NEW: Official will tell congressional hearing that Syrian foreign fighters have grown to 20,000
F-16s stationed in Jordan conduct strikes against ISIS, the UAE says
Kurds say they've taken key bridgeheads near Mosul, Iraq
The United Arab Emirates on Tuesday resumed its participation in airstrikes against ISIS, the country said – its first publicly known foray against the terror group since it reportedly suspended attacks over concerns about pilot safety.
UAE F-16s stationed in Jordan took part in morning attacks and returned safely to base, the UAE military said without saying where the strikes happened.
A U.S.-led coalition has been conducting airstrikes against ISIS in Syria and Iraq, where the Sunni Muslim extremist group has captured territory for what it calls its Islamic caliphate.
The UAE halted its participation in the strikes in December because leaders were worried there were insufficient plans to save personnel who may be captured, a senior U.S. military official told CNN.
The safety issue was highlighted by the case of Jordanian military pilot Lt. Moath al-Kasasbeh, whom ISIS captured in December after his jet crashed in Syria. Last week, ISIS released a video showing its fighters burning al-Kasasbeh to death.
A representative of the UAE government told CNN that no comment would be offered about the airstrike suspension.
There are about 20,000 fighters in Syria who belong to terror groups such as ISIS, the director of the National Counterterrorism Center will tell a House committee on Wednesday, according to remarks obtained by CNN.
“The United States and our allies are increasingly concerned with the more than 20,000 foreign fighters who have traveled to Syria from over 90 different countries,” Nick Rasmussen plans to tell the Homeland Security Committee. That is 1,000 higher than the number of foreign fighters in an estimate given by intelligence officials in January.
The numbers of Westerners – 3,400 – and Americans – 150 – who have gone to Syria are similar to numbers given by officials in recent months.
Hundreds of thousands of Iraqis and Syrians have fled areas ISIS has seized. The United States, along with European and Arab nations, began airstrikes against the terror group last summer.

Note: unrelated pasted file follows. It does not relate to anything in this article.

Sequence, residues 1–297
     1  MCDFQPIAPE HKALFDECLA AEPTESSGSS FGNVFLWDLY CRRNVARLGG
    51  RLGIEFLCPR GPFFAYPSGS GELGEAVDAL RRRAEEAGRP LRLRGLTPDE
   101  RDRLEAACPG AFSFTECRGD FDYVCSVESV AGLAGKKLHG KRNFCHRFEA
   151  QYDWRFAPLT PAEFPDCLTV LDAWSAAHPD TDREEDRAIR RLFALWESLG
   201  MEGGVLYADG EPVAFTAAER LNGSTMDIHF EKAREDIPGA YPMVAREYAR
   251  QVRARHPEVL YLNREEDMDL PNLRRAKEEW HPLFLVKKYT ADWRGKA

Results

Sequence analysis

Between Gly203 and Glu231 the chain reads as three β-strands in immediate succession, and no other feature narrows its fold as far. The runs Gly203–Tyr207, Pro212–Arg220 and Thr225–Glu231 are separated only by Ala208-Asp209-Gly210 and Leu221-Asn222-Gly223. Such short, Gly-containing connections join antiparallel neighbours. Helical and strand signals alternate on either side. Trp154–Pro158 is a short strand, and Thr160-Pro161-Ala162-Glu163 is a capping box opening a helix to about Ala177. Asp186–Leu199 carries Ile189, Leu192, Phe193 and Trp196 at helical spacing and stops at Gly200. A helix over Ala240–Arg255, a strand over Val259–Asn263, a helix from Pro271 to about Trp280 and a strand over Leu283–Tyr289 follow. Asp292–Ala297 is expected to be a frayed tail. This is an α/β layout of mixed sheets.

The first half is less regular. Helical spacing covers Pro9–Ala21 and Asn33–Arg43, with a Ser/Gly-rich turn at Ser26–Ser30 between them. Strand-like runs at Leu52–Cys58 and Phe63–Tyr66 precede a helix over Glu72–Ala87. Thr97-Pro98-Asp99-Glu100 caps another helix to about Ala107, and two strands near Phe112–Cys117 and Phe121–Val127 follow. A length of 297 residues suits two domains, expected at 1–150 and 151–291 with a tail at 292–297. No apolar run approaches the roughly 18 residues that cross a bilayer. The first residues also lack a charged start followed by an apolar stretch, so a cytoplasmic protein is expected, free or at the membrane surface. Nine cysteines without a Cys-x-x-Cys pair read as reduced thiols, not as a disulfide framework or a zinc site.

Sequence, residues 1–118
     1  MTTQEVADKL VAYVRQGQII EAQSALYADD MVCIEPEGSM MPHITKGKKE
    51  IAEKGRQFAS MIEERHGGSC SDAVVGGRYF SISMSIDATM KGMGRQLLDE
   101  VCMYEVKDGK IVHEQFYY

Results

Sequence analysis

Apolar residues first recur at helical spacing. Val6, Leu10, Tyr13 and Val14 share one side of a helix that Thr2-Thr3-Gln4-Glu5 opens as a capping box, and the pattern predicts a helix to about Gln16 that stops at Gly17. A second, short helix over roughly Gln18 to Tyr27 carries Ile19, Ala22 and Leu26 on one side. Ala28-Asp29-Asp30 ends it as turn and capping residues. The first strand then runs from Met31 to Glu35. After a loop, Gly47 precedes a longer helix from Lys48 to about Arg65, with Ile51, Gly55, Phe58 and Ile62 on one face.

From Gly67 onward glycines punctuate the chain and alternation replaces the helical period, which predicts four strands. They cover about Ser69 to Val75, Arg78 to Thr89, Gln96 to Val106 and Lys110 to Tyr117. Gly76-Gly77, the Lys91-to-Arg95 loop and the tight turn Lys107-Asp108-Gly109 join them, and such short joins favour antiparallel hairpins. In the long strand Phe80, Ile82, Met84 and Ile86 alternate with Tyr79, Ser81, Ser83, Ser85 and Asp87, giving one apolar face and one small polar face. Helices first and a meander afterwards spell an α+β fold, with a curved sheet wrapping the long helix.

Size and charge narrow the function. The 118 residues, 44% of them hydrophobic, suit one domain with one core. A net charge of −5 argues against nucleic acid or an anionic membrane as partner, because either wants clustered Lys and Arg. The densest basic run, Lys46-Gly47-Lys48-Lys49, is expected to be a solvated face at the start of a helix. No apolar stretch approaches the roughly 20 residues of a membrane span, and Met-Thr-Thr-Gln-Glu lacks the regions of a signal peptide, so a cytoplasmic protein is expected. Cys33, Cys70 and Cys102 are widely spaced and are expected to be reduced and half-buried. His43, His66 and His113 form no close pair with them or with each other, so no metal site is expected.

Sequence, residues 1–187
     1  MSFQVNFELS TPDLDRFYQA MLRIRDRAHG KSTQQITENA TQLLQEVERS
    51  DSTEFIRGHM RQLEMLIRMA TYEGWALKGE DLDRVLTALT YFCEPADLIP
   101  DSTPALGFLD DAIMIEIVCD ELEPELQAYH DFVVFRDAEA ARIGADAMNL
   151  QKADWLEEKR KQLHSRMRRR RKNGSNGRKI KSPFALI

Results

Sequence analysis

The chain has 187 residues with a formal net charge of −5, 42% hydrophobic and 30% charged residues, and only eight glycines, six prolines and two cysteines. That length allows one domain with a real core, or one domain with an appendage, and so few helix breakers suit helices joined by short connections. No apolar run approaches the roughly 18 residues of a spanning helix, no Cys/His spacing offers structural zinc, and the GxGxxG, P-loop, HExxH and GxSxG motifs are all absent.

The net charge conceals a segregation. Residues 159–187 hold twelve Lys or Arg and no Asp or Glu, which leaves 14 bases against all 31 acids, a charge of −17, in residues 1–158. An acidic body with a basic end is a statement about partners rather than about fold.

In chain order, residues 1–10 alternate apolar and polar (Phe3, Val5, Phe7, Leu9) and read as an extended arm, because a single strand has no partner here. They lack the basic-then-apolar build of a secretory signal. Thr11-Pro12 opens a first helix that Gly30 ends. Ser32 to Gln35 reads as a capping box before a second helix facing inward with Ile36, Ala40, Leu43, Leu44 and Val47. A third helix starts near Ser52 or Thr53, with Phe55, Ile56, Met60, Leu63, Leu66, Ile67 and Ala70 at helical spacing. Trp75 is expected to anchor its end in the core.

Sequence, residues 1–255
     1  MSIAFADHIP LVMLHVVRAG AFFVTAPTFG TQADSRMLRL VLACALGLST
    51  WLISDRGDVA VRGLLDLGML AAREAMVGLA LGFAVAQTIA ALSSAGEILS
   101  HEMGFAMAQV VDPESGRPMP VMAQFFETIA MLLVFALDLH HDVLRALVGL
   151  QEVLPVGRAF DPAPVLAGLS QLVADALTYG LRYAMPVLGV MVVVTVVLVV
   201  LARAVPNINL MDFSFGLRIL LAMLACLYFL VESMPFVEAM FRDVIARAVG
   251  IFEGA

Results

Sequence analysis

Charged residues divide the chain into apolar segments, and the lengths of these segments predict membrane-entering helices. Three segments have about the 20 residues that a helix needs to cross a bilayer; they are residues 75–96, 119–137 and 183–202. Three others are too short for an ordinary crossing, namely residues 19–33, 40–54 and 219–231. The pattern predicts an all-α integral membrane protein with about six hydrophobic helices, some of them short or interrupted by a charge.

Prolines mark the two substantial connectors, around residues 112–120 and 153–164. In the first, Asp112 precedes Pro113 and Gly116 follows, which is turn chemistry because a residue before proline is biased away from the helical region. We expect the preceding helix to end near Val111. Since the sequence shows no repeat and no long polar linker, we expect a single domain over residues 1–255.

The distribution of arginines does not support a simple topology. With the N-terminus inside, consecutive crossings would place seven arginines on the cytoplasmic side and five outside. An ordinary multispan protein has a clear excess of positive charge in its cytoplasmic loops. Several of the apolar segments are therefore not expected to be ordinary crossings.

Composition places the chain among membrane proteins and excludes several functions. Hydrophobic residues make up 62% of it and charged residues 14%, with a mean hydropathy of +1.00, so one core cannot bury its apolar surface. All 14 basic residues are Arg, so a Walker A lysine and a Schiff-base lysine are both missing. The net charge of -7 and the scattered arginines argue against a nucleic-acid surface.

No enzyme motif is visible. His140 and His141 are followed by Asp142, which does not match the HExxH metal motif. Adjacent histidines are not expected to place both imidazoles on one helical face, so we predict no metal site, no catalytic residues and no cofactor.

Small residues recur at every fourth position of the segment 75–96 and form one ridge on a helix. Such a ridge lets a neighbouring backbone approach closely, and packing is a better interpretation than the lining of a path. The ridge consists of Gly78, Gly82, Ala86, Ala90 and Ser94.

Kurds take bridgeheads near Mosul
Kurdish fighters have captured three important bridgeheads on the Tigris River near the northern Iraqi city of Mosul, developments that further restricts ISIS’ movement outside Iraq’s second-largest municipality, U.S. military and Kurdish officials said Tuesday.
ISIS took control of Mosul in June. But Kurdish ground forces, as well as airstrikes from the U.S.-led coalition, recently have tried to cut off Mosul’s lines of supply to ISIS in Syria, setting up what could be an eventual assault by the Iraqi military later this year to expel the terror group from the city.
The three captured bridgeheads are on the west bank of the Tigris north of Mosul, U.S. Central Command and Kurdish officials said.
Besides hindering ISIS’ movement outside the city, the Kurds’ gains would protect key points through which an operation to liberate Mosul could take place.
Mosul is a predominantly Arab city, though the Kurds have an autonomous region to the north and east. Few expect the Kurds to be involved in clearing Mosul of ISIS – that would be a job for Iraqi government security forces.
But with Mosul so close to their territory, the Kurds do have an interest in choking off ISIS and preventing them from advancing.
Iraqi ground forces could begin a move to retake the city as soon as April, a U.S. Central Command official told CNN last week.
Tuesday’s developments come three days after heavy coalition airstrikes around Mosul – part of what Kurdish fighters said was the heaviest day of bombardment they had witnessed there.
A CNN crew, watching from Kurdish positions on Mount Zartak to the east of Mosul on Saturday, heard more than a dozen detonations in the direction of the city.
CNN’s Wolf Blitzer, Phil Black and Barbara Starr contributed to this report.